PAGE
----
One thing we do struggle with is incorporating validation into the prototypes as it often makes them over complicated and look quite messy and distracting from the design itself (our software is mostly form based, so showing all validation for all fields on a page would be crazy!) so we tend to just note it in the stories, or explain it during handover meetings.


#6

@jacquidow
I misunderstood :slight_smile: My post was related to the “idea/concept validation”


#7

No worries, don’t suppose you have any feedback on error handling :slight_smile: ?


#8

Well, we prototype a lot of scenarios, we are willing to design for the “real life” and in the real life, shit happens.
We prototype

  1. server validation - for instance, a time-out error
  2. client validation - for instance, a wrong type of content such as number within an only text field

to do that we design the prototypes in HTML, CSS and JS.
For each widget and for each component available in the showcase we display the validations.

Here an example:

I hope this time my answer is more consistent with your question :grinning:


#9

That’s brilliant, thank you.

We use axure for prototyping and find that it is not great for error scenarios, it takes us longer to program them in than seems worth it. We have tried adding them static to the screen but feel it looks very confusing when trying to show stakeholders and get user feedback.

We have a general look and feel for error messages and this has been handled in a seperate document to make sure it is consistent across the application, however we are struggling with all the edge cases and details for each scenario (for example, date fields where 2 fields interact with each other, like a start and end date. Dates much be in the future, end date must not be before start date, both fields are mandatory, etc etc)


#10

we have the same issue here. A lot of edge cases that are related to specific client needs/setups. We are trying to keep our showcase as much general as possible. When we receive a specific need/requirement we create an InVision prototype. We use Balsamiq or SketchApp and afterwards, we include such deliverable within the Confluence page (there’s a plug-in for that).

At the moment is working but we already know that it will not be the final process. The reason is that designers are the bottleneck of this process and we are looking for a tool/process/whatever to allow other stakeholders to be more autonomous in prototyping the solution draft.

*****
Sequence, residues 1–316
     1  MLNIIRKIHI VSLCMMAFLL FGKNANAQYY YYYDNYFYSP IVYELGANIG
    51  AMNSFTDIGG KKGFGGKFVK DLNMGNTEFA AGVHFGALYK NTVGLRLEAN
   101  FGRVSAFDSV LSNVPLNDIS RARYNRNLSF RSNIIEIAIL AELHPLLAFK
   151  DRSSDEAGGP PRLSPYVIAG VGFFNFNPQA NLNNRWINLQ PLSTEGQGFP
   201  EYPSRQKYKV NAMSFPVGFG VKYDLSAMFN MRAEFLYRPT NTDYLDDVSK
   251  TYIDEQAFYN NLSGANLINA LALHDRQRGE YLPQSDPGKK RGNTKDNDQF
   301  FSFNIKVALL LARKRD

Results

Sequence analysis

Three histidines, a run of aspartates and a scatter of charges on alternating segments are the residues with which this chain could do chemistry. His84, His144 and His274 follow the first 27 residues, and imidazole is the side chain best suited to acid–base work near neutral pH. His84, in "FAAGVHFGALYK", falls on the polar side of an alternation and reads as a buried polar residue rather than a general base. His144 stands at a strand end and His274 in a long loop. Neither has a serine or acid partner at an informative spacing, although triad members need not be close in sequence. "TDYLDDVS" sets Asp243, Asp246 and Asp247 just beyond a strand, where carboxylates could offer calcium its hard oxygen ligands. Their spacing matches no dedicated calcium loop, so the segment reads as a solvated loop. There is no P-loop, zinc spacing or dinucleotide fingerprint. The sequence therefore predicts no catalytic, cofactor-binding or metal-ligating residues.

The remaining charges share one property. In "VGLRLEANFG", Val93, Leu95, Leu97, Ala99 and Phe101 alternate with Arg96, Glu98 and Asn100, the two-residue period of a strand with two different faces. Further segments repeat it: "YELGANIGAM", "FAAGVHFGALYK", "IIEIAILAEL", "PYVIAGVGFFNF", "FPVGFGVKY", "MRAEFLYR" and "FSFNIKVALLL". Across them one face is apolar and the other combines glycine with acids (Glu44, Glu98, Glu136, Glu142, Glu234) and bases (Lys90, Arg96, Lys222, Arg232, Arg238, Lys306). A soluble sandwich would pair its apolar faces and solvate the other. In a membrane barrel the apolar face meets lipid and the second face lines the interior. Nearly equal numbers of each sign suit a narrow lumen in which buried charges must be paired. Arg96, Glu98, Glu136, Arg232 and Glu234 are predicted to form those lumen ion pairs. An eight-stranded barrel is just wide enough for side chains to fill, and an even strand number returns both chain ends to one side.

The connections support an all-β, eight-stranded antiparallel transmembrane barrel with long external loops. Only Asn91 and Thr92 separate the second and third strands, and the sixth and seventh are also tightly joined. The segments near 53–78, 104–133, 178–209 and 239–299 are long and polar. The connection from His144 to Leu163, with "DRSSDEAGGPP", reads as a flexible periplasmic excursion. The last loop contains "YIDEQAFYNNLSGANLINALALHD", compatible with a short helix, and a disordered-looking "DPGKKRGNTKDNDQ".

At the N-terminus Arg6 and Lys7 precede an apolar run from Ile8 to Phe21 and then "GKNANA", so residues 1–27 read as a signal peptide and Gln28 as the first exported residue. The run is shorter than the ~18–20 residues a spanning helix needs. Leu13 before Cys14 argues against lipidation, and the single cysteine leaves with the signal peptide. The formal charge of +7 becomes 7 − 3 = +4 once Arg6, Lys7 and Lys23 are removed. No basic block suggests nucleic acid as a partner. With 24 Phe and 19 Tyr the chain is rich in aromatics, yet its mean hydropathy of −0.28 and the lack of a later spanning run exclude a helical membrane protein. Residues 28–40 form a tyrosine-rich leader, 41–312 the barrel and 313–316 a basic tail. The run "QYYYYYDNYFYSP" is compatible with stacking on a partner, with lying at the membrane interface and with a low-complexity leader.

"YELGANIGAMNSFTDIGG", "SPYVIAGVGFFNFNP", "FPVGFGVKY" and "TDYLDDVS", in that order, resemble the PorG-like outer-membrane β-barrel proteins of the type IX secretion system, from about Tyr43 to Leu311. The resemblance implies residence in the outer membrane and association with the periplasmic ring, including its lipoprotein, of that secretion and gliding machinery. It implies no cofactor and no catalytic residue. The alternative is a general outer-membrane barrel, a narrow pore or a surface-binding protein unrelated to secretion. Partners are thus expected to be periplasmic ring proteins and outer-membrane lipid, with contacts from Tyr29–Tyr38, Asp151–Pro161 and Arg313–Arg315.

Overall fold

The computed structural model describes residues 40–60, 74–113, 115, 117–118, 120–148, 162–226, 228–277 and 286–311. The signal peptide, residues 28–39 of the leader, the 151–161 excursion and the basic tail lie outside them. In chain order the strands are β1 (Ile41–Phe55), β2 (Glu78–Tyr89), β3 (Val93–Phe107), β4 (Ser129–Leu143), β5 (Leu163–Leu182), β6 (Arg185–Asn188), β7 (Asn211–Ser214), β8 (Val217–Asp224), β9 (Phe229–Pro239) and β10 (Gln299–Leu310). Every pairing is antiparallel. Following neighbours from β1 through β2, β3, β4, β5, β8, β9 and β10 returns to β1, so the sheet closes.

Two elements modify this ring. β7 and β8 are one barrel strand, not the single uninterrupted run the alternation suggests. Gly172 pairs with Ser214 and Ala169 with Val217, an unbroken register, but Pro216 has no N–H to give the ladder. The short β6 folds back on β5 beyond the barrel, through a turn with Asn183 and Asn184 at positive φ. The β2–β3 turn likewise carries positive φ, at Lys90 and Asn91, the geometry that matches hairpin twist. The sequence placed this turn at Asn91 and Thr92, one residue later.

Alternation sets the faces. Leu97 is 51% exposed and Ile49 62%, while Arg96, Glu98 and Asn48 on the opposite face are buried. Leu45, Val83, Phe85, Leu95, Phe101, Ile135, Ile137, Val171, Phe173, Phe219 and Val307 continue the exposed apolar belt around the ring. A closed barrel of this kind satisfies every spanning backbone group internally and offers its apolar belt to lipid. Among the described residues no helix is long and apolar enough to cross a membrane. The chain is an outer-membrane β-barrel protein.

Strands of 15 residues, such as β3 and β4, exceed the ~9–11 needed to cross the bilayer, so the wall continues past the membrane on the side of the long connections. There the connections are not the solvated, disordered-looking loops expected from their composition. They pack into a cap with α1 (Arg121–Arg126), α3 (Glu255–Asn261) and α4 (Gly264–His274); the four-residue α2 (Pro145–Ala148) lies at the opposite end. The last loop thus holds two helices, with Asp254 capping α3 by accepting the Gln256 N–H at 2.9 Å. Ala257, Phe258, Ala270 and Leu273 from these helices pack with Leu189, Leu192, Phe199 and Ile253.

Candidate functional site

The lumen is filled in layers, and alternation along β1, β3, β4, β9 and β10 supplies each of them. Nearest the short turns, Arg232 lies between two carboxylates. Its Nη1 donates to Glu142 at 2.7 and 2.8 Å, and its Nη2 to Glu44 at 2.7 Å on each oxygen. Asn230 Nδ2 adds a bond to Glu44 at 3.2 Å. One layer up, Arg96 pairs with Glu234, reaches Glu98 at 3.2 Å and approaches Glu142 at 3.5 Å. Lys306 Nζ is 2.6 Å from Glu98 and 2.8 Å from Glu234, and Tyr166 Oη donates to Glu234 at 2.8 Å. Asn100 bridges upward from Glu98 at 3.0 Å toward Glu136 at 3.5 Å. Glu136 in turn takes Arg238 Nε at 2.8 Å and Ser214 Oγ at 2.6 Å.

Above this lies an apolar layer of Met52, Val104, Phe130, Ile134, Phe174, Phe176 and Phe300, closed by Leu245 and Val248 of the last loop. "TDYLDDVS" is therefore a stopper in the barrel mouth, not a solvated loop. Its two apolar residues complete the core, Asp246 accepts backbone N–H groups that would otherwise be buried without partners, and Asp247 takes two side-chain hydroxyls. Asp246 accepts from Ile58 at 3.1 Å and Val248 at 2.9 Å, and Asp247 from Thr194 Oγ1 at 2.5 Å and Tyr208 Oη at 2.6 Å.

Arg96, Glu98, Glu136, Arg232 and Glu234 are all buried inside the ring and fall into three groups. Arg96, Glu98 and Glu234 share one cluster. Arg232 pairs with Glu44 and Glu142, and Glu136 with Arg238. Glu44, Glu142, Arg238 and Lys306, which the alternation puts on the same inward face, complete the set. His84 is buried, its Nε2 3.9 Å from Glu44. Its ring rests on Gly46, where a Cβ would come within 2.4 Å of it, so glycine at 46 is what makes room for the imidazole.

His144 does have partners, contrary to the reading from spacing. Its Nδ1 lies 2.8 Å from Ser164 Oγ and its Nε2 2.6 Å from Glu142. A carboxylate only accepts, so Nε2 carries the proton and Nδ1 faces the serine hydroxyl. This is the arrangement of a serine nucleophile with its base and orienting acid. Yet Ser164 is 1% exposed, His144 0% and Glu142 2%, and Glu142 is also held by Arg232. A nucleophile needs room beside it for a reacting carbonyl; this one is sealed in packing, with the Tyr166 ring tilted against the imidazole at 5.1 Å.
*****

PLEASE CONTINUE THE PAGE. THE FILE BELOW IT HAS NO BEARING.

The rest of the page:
#11

Thats why in the real world BA’s right business requirements which are signed off by stakeholders, which also include UX design which is a function not a job title. :slight_smile: Validation as you put it, is part of the BRD in waterfall/rad, the SAD aligns with the BRD so the business required validation aligns with the system designed validation and when system testing occurs these validations are carried over without being lost.

I like to run fast iterations, I see why people think waterfall cant be fast or on the fly, that the project sponsor is getting chunks of development up front in their face weekly. whilst having the rigidity of the waterfall SDLC.

Ok some people want this UX Designer thing to be a seperate function, I dont know why, the more you know the more valuable you are. BA’s are the designers and one who cant do UX isnt worth hiring, that simple. Like wise call the BA a UX designer, if they dont know SDLC of whatever methodology you want from start to fisnish then they arent worth hiring.

Next Program Managers will be called “Gant Chart Checkers” because thats one of their functions so lets break down Progam management and over complicate SDLC for no good reason. Hybrid RAD and Waterfall has been working for years, its just the Agile guys hadnt worked in jig saw iterative based hybrid SDLC with customers before. So it needed somebody to pretend it was new and give it all a new name. My bad, I apologise.

I do hope one day though the Soft Dev industry will stop inventing red tape for the sake of it and just use existing methodologies that are flexible, iterative and fast, if you want them to be.

Just some banter and my 2c.